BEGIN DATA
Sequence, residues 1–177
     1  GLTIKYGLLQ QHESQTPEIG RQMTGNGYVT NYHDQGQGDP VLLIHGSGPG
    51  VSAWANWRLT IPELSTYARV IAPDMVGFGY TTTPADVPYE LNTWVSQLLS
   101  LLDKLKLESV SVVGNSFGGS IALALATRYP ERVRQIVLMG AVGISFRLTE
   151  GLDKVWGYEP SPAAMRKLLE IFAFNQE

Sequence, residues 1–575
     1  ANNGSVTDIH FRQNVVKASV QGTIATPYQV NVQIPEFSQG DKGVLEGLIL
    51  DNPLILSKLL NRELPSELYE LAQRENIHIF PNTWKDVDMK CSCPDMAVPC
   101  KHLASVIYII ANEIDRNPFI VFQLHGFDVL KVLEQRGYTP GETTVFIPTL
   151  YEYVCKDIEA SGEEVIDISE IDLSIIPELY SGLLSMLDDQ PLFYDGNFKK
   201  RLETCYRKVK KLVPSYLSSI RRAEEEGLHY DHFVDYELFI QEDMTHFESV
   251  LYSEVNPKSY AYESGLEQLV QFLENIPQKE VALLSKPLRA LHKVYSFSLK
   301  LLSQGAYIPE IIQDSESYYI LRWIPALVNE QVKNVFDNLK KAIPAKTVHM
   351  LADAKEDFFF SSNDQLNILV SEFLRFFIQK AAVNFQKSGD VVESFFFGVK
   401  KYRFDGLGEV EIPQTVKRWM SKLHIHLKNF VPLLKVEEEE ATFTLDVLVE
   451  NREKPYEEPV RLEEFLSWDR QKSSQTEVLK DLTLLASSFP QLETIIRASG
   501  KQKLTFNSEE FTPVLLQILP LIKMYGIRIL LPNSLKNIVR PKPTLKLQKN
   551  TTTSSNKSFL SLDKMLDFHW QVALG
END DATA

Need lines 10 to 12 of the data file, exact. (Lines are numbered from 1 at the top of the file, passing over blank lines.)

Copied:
   151  YEYVCKDIEA SGEEVIDISE IDLSIIPELY SGLLSMLDDQ PLFYDGNFKK
   201  RLETCYRKVK KLVPSYLSSI RRAEEEGLHY DHFVDYELFI QEDMTHFESV
   251  LYSEVNPKSY AYESGLEQLV QFLENIPQKE VALLSKPLRA LHKVYSFSLK